It was a process of three years held by the European Space Agency's Mars Express spacecraft which resulted in the finding of a 1.5 kilometers thick and 20-kilometer-wide water boy having its placement at the southern pole of the planet. Does that promise hope for human immigration to Mars in the future? While previous images showed detailed surface features of the planet, this new image is dominated by a big sandstorm enshrouding the entire planet.
When is the best time to see Mars?
To be clear, there's no sign of any actual Martian microbes swimming around, and the environment is not obviously hospitable - the water at the base of the polar cap is estimated to be minus 90 degrees Fahrenheit, far below the typical freezing point of water.
"The radar profile of this area is similar to that of lakes of liquid water found beneath the Antarctic and Greenland ice sheets on Earth, suggesting that there is a subglacial lake at this location on Mars", said the report. These features were interpreted as due to the propagation of the radar signals through a very cold layer of pure water ice having negligible attenuation.
"It is odd that SHARAD can not confirm this discovery". So what a combination of previous claims by Ojha and new claims by the Italian scientists means is -that there could be sufficient water on Mars which could have gone undetected in previous surveys.
"The distance between the Earth and Mars is shorter than it normally would be", said Mackay. Hubble even has one advantage over these probes: it can look at these objects periodically and observe them over much longer periods than any passing probe could.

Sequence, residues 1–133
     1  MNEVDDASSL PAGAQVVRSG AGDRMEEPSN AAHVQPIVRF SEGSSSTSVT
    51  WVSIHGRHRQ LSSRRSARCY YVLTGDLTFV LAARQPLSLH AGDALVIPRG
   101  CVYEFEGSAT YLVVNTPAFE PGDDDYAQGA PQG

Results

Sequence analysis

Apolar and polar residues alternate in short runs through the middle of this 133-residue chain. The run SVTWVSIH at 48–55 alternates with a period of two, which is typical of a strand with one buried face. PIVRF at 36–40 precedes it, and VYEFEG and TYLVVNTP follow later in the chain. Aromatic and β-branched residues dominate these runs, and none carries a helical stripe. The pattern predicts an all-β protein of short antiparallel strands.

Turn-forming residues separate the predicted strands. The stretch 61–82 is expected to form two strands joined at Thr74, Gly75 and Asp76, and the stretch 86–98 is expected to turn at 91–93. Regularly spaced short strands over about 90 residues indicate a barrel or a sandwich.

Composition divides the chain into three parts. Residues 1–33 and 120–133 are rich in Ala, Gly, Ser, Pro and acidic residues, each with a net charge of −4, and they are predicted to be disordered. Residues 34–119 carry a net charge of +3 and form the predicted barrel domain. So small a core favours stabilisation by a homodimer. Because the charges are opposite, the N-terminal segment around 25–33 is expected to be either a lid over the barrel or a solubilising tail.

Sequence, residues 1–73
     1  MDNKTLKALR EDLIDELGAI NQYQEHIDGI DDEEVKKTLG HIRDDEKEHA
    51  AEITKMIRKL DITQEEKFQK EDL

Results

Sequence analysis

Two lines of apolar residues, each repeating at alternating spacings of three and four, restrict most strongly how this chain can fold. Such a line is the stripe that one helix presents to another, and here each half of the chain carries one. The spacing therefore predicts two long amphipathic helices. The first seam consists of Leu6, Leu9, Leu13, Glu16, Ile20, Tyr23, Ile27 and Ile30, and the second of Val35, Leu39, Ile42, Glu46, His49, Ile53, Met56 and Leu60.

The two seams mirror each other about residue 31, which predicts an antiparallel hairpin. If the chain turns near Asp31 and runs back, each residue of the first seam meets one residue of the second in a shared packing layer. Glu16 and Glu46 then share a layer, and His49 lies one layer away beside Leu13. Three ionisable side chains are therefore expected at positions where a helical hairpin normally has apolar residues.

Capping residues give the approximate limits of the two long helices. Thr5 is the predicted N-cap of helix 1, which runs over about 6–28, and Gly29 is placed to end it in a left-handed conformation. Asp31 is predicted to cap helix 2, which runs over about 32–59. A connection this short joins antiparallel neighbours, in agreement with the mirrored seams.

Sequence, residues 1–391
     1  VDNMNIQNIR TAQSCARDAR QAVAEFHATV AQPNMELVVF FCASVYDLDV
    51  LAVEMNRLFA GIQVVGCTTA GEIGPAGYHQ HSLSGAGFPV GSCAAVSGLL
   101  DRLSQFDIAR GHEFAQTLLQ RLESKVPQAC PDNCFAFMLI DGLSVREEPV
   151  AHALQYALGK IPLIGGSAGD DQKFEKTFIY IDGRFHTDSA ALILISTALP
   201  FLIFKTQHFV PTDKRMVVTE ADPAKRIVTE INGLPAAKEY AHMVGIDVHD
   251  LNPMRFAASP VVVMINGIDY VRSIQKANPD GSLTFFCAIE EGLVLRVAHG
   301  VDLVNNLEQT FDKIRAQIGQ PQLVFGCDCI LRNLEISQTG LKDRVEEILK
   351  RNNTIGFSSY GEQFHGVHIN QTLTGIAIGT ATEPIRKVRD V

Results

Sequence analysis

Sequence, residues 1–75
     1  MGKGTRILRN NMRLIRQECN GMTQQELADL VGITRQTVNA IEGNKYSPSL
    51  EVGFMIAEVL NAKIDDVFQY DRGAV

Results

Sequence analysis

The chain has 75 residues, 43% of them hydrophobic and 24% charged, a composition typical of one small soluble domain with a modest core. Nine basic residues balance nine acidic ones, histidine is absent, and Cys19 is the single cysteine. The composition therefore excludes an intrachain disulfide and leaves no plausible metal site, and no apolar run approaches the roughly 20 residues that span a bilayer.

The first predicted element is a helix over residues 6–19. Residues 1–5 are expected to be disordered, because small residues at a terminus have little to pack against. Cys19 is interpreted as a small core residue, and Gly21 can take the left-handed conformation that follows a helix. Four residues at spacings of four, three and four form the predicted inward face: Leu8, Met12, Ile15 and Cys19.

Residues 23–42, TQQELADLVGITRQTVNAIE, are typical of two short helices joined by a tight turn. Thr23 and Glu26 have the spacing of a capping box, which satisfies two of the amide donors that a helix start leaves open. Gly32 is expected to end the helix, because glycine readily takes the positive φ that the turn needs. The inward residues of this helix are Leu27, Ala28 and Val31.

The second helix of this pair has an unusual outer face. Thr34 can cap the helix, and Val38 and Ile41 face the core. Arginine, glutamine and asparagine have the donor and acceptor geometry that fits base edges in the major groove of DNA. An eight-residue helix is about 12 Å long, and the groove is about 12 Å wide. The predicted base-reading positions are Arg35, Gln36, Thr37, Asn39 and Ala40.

Astronomical events set to light up the night sky
For a long time, scientists have been extremely interested in the red planet. With the support of NASA, some USA private companies have even been thinking about plans for immigration to Mars.
These side-by-side images of Mars, taken roughly two years apart, show very different views of the same hemisphere of Mars.
The ISA declared their discovery on Wednesday, but they have been working on that for about six years.
That's of tremendous meaning to humans, because it makes long-term survival on Mars possible. "These natural resources will be invaluable when we send people up there".
Scott Hubbard, a professor of astronautics at Stanford University who served as NASA's first Mars program director in 2000, called it "tremendously exciting".More news: Harley Davidson Announces Huge Plans for India; 250-500 CC Bikes Arriving